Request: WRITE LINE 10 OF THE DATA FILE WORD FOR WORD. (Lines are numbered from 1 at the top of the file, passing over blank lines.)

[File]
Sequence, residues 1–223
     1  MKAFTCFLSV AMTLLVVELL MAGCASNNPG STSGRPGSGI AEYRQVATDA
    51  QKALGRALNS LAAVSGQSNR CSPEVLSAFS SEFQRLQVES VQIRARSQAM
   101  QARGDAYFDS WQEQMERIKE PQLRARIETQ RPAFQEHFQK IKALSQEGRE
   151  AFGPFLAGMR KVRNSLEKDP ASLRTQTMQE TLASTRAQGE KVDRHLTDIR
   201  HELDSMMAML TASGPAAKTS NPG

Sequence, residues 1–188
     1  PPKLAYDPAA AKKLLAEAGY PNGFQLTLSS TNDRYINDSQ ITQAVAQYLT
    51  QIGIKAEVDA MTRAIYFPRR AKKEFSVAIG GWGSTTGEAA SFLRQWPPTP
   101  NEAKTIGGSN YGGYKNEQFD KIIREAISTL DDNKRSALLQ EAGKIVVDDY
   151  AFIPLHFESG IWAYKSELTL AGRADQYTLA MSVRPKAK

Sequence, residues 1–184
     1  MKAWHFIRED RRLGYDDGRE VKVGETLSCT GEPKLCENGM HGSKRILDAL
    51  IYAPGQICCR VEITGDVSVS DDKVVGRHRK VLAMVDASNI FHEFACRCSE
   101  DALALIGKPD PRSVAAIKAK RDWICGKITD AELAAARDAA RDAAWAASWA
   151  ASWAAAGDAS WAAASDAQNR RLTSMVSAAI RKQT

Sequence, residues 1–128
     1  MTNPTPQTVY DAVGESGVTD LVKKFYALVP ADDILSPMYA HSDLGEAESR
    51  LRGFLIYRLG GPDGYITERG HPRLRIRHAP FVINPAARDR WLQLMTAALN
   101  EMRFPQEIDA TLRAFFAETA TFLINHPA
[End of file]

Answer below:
   101  NEAKTIGGSN YGGYKNEQFD KIIREAISTL DDNKRSALLQ EAGKIVVDDY